What’s In a Name?

Text: Luke 1:57-80
Date: Nativity of St. John the Baptist + 6/24/18

Many if not most saints’ days on the liturgical calendar are scheduled on the supposed date of their martyrdom, death, or “heavenly birthday.” John the Baptist’s day is different however especially because of his close relationship with the coming of the Lord Jesus Christ. It happens that John’s conception and birth was six months before that of Jesus. So we commemorate him six months before the celebration of Christmas, June 24 before December 24.

That however is not the most interesting timing issue between John and Jesus. Remember that it will still be thirty years before John administers baptism to Jesus in the Jordan River as the beginning of our Lord’s active earthly ministry. But taking just the very beginning, the conception and birth of John and Jesus another interesting and important prophesy is fulfilled.

St. Luke is highly aware of the significance of the Temple as the goal and true home of Jesus who in Himself completes or replaces the Temple as the location of God and His salvation. There is a very interesting prophesy in the Old Testament book of Daniel concerning seventy weeks which reads:

24 “Seventy weeks are decreed about your people and your holy city, to finish the transgression, to put an end to sin, and to atone for iniquity, to bring in everlasting righteousness, to seal both vision and prophet, and to anoint a most holy place. 25 Know therefore and understand that from the going out of the word to restore and build Jerusalem to the coming of an anointed one, a prince, there shall be seven weeks. Then for sixty-two weeks it shall be built again with squares and moat, but in a troubled time. 26 And after the sixty-two weeks, an anointed one shall be cut off and shall have nothing. And the people of the prince who is to come shall destroy the city and the sanctuary. Its end shall come with a flood, and to the end there shall be war. Desolations are decreed. 27 And he shall make a strong covenant with many for one week, and for half of the week he shall put an end to sacrifice and offering. And on the wing of abominations shall come one who makes desolate, until the decreed end is poured out on the desolator.” (Dan 9:24-27)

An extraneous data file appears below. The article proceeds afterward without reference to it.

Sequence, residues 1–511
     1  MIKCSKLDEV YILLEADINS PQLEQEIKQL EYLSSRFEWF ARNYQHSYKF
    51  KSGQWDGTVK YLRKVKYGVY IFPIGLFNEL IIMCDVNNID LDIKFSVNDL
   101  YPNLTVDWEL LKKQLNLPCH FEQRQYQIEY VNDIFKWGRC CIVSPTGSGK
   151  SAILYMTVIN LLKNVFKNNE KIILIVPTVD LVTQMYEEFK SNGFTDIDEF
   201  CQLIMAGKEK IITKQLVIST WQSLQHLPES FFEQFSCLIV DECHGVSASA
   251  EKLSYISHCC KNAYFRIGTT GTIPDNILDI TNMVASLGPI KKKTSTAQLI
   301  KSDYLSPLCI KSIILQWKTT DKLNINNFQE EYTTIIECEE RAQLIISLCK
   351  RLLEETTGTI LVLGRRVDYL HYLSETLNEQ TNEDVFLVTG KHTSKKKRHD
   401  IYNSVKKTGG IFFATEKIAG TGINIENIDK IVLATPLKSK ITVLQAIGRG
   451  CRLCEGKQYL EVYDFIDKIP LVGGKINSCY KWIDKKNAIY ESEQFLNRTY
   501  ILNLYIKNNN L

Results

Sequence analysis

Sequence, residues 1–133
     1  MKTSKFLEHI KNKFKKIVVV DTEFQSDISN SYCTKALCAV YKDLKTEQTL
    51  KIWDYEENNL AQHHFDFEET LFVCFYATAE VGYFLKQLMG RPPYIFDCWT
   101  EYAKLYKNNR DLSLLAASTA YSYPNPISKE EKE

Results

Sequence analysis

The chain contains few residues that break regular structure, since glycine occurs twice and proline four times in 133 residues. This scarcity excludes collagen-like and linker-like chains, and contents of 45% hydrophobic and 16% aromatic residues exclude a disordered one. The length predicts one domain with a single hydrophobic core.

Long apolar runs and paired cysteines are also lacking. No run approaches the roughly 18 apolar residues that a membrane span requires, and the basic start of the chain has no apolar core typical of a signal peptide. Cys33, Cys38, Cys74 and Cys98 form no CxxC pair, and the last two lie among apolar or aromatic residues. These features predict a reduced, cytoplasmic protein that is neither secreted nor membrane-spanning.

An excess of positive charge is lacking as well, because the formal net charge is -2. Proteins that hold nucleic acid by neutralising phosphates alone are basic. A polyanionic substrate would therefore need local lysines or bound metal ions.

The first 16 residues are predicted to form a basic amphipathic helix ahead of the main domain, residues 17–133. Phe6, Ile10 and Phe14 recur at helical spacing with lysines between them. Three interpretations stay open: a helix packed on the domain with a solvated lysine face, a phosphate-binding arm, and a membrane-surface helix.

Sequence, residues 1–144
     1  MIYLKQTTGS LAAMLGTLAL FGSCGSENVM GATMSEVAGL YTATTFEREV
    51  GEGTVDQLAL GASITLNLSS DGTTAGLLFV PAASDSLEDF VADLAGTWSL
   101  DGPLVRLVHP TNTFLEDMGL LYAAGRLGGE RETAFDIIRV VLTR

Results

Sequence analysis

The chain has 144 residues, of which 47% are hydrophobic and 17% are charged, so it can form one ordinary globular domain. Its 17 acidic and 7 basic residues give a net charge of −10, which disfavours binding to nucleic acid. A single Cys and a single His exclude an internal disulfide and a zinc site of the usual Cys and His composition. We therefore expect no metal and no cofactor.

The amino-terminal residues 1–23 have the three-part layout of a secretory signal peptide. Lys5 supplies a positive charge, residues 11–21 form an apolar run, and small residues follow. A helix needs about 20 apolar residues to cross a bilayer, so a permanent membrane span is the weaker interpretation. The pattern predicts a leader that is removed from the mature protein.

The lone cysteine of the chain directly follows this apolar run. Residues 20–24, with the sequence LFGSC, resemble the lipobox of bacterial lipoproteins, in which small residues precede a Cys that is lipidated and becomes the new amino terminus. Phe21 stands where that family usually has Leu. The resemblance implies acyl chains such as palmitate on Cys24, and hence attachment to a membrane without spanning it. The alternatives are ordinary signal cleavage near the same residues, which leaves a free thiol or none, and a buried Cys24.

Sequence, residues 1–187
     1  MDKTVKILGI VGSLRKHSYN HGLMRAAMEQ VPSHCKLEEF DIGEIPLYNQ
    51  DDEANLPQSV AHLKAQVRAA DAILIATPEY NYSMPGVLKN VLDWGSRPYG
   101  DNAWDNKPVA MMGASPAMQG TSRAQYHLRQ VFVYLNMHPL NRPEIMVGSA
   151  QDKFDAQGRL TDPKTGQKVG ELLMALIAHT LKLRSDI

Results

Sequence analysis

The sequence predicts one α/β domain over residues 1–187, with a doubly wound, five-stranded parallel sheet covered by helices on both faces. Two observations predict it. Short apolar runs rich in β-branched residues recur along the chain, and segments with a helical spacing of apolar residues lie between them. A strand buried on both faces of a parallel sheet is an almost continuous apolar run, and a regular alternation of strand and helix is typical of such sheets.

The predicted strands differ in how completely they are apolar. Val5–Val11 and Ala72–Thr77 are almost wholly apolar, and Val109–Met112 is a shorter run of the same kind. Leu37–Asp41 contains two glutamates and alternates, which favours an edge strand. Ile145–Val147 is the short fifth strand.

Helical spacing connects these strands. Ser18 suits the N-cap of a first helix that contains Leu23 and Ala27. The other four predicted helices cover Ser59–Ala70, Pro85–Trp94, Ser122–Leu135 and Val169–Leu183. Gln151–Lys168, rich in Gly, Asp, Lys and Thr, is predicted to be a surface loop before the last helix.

It speaks of putting an end to sin by atonement, of the coming of an anointed one which is the meaning of Messiah or Christ. It calls Him a prince who shall be cut off who nevertheless makes a strong covenant with many and puts an end to sacrifice and offering. Dr. Arthur Just observes “With some careful maneuvering, seventy weeks may be counted between the announcement of John’s birth to Jesus’ presentation in the temple. From the announcement to Zechariah to the announcement to Mary is one hundred eighty days; from the conception of Jesus to His birth, two hundred seventy days; from the birth of Jesus to His presentation [in the Temple], forty days.”[1] 490 days or seventy weeks from the Nativity of John to Jesus’ initial arrival in the temple. This observation takes us to the importance and purpose of today’s commemoration. It all points to God’s eternal plan of the coming of the Savior according to God’s own will and purpose. That purpose is the salvation of sinners through faith in God’s gift of the forgiveness of sins.